The Burning Train

And why exactly is this train called India headed for disaster?

Satya Sivaraman Delhi

This year, August 15, 2008 marked yet another Independence Day for the modern Indian nation. Six decades ago, this day, the country's first prime minister, Jawaharlal Nehru, famously declared the new born nation's "tryst with destiny" and promised to make Independence a vehicle of future peace, prosperity and democratic rule for the people of his country. However, sixty years after, for millions of people living in this vast and diverse land, it is as if Independence never arrived and our colonial rulers never left.

There are two simple questions they pose that nobody seems to have an answer for: whose freedom is it that 15th of August represents? And who does this country really belong to?

For in the harsh daily reality of their lives, what the people experience is the same old pillage, plunder and injustice from successive Indian governments. Indian Independence, instead of being a vehicle to the promised peace, prosperity and democracy, appears to them more like a brakeless burning train headed for complete disaster.

A burning train that is commandeered by a paid bureaucracy willing to obey any orders their political and corporate masters give, no matter what principles of basic humanity or ethics are broken in the process. Anybody here with a conscience is soon hauled over the coals - more fodder to feed the ever starving, ever speeding train.

The politicians smugly sit in their first class AC luxury carriages insulated from the electorate in whose name they rule and cosy up to the captains of domestic and foreign capital who are their real constituency. Once in several years they lean out of their windows to beam their plastic smiles and wave their stodgy hands at those behind them - an exercise the current Indian government proudly calls ‘free market democracy'.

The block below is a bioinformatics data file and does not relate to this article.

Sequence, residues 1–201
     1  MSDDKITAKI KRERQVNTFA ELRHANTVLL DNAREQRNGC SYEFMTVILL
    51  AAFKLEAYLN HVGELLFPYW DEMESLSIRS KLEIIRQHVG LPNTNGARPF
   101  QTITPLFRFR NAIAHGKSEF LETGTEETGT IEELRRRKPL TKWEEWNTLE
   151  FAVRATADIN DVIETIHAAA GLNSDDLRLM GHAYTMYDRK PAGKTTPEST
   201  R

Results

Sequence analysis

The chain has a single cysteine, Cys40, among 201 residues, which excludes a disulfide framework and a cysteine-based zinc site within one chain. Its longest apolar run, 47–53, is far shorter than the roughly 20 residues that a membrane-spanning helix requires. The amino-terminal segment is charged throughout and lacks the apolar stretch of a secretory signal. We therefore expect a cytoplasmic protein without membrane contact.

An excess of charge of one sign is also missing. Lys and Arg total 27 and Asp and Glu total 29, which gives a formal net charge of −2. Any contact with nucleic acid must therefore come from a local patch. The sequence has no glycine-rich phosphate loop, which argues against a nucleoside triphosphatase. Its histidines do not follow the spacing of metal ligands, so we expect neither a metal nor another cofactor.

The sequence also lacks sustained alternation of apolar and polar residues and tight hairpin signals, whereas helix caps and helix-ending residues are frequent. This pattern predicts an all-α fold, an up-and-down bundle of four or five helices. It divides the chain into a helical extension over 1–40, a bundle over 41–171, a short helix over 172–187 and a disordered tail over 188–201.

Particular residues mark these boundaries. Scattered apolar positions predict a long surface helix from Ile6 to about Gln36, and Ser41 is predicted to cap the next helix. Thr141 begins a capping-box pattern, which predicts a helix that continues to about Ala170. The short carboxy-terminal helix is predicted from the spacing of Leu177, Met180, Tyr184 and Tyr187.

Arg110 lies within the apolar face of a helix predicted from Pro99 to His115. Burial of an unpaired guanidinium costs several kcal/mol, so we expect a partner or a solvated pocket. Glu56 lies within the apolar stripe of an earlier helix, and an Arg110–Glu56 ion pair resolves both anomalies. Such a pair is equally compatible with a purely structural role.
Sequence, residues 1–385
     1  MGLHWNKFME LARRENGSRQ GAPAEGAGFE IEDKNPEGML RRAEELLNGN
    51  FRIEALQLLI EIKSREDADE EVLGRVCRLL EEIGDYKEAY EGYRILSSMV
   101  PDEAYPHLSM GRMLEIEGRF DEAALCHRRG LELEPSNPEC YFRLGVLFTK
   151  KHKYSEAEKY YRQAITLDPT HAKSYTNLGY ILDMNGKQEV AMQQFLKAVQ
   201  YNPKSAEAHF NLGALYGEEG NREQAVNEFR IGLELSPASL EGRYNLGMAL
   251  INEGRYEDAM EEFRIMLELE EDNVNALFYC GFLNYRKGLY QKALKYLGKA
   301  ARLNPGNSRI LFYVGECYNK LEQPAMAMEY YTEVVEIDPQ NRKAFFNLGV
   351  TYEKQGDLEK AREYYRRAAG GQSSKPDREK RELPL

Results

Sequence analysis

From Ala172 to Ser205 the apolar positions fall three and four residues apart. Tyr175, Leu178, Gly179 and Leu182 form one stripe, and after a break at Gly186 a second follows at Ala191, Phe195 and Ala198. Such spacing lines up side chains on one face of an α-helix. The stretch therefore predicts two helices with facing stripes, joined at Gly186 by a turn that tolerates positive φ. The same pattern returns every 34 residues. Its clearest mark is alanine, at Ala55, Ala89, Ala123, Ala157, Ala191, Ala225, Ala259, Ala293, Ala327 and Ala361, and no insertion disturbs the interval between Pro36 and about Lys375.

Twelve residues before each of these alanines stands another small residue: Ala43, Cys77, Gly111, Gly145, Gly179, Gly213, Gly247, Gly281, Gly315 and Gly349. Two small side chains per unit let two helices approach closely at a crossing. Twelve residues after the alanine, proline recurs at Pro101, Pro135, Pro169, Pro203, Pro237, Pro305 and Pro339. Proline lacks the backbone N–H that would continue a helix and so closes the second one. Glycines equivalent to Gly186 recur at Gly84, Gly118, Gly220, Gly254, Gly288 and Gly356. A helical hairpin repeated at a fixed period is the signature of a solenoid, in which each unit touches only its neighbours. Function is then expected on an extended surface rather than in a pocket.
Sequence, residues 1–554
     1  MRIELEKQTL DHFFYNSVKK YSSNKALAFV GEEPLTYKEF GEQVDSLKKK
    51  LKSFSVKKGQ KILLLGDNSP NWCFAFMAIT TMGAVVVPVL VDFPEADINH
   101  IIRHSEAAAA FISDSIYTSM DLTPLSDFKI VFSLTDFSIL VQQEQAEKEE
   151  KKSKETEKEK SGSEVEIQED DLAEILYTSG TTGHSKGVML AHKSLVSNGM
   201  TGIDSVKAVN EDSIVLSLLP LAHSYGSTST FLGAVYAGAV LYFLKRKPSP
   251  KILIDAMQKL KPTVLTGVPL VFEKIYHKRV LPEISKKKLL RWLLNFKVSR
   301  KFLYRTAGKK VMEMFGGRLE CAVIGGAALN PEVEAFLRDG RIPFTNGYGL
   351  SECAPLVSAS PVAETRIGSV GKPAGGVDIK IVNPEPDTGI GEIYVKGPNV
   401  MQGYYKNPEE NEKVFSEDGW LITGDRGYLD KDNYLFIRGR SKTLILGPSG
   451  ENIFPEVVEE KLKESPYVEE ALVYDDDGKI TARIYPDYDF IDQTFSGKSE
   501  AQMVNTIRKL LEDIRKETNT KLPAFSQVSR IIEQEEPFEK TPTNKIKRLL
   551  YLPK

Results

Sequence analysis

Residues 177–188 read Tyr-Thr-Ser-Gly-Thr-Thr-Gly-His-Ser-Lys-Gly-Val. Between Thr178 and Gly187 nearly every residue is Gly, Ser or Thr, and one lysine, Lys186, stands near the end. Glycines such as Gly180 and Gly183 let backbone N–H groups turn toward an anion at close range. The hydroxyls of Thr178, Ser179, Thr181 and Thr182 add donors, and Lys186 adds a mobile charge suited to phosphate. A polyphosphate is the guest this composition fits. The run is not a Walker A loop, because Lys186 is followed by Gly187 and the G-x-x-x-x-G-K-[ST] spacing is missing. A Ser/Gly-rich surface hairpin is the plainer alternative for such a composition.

In a small corner next to the politicians and corporate bosses sit members of the Indian media intoxicated by their proximity to power. They are there to entertain the elite with trivia, the ‘heroes' playing Nero while the nation burns.

The coaches that follow are full of the Indian middle classes, also mostly upper caste, who occupy ‘reserved' seats, which they mistakenly think, are also deserved.  As they coast along their comfortable journey, they chatter on about how corrupt everyone is (except them of course!) and curse the politicians ahead. But all the while aspiring, competing, conspiring to privately grab a share of the same loot they publicly denounce.

At the very end of the train is that single ‘unreserved compartment' meant for the unshaven, unkempt, unwashed masses who - according to some ancient Indian logic - get so little precisely because they are so large in number and are eternally invisible. Here they go pushing, shoving, cutting, murdering and slaughtering each other over every inch of space which represents their very survival. Innocence here is a bird that dies well before it is even born, for to be alive would mean only ending up in the diet of some hungry soul or the other.

There is yet another category of people: Dalits, adivasis, indigenous folk of the Indian northeast and Kashmiris, who don't figure anywhere inside the burning Indian train - because the train itself runs not on railway tracks but on their bloodied backs. They are the colonial subjects of the colonised, the untouchables and outsiders of the caste society, the slaves of the slaves, the shadow of shadows - with no human rights because they are supposed to be mere living ghosts.